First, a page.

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Terrorism: The Cyberspace Battleground

Yesterday’s hackers have become today’s cyber criminals, & tomorrow could be cyber terrorists. Technology marches on, providing new opportunities both for human progress and for those fixated on destroying Western civilization and the infidel economy.

The information age and the increasing capabilities of computer networks have led to technological breakthroughs never before possible – including some that have been exploited not only by everyday criminals, but also by terrorists. The dimensions of what is now a huge and growing problem – for homeland-security and law-enforcement agencies both – were spelled out, in fact, in a 2006 Federal Bureau of Investigation cybercrime study which noted that 90 percent of U.S. businesses were affected by cybercrime last year in one way or another, and the overall economic cost to the United States is now close to $70 billion annually.

The inherently transnational nature of the Internet makes it an ideal vehicle for those, including criminals, who seek to maximize profits with an acceptable degree of risk.  The conventional view of the lonely teenager or computer programmer as the source of malicious code such as the MiMail virus is often incorrect.  In today’s climate, the hackers associated with major cyber crimes are often working with cyber syndicates, including many in Eastern Europe. Some of the most successful of these crews have been traced to Russia, Romania, Ukraine, Estonia, Latvia, and Lithuania.

The key personnel in these syndicates are professional hackers, available for hire. Eastern Europe boasts a plethora of people who possess advanced computer skills but do not have legal opportunities to use those skills to make a living.  The alternative for them has been cyber crime. Many if not all of the early virus writers used to write code for the art of it, and/or to impress their peers. But they eventually realized they could make a lucrative living from their highly specialized capabilities.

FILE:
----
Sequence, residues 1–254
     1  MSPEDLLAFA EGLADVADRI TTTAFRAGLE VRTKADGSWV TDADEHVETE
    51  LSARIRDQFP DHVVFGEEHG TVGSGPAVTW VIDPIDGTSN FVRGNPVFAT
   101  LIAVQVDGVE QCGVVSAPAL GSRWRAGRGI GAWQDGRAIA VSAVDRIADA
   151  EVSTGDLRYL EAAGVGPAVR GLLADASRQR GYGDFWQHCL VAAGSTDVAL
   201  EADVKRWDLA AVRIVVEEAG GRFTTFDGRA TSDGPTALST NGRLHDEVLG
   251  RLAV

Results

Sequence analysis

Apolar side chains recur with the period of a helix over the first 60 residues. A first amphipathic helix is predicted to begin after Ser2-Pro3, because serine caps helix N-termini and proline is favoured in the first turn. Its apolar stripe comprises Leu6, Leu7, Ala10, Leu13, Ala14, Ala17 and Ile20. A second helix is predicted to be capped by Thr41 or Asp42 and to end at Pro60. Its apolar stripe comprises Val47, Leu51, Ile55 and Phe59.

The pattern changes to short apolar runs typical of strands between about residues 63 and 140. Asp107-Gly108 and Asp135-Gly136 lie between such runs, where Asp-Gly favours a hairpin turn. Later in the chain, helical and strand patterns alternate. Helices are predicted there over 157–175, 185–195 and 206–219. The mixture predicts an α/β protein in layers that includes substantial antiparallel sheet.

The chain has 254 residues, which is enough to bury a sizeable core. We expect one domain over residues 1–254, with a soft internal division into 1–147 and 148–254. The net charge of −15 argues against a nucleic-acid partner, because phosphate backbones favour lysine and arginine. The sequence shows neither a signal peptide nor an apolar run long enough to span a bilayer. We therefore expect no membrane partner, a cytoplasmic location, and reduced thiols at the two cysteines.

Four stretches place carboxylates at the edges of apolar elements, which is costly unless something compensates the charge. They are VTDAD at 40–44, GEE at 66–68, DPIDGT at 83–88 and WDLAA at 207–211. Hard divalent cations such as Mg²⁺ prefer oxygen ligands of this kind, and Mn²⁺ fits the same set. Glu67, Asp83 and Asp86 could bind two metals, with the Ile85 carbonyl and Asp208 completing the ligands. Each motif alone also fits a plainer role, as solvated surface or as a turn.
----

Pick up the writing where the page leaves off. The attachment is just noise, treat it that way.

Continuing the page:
Anonymity and Invisibility

There are several other factors that seem to have made Eastern Europe a major center of hacker activity. Governments are sometimes unstable, and there is a high unemployment rate – but the workforce is highly educated, there is widespread criminal activity of other types, and a thriving underground economy.  Unlike a Mafia group that keeps criminality within an extended family, Eastern European groups tend to act more like trusted merchants on a silk road. Moreover, in the post-Cold War era, individual citizens usually are not tracked by any central authority.

In addition, the ability to maintain anonymity online is taken for granted, and permits hackers to work closely with other hackers, possessing similar skills, whom they have never met. The hackers and/or hacker teams can launch attacks from computers thousands of miles away from their victims, and can use a long chain of several compromised computers to hide their tracks.

Today’s Internet criminals have extended the turf of what law-enforcement agencies have traditionally called the Mafia. They have adapted their goals and methods of operation to new types of crime, shifting from the numbers and narcotics rackets of the mid-20th century to Internetentity theft and denial-of-service (DOS) attacks.  

Smarter and Better Organized

The current and future generations of would-be criminals are and will be computer-literate, and can be expected to use their high-tech computer skills both extensively and successfully. All evidence suggests that there are not only more and more cyber criminals now than ever before, but also that the worst of these criminals, the cyber terrorists, are becoming much better organized and more coldly methodical in their modes of operation.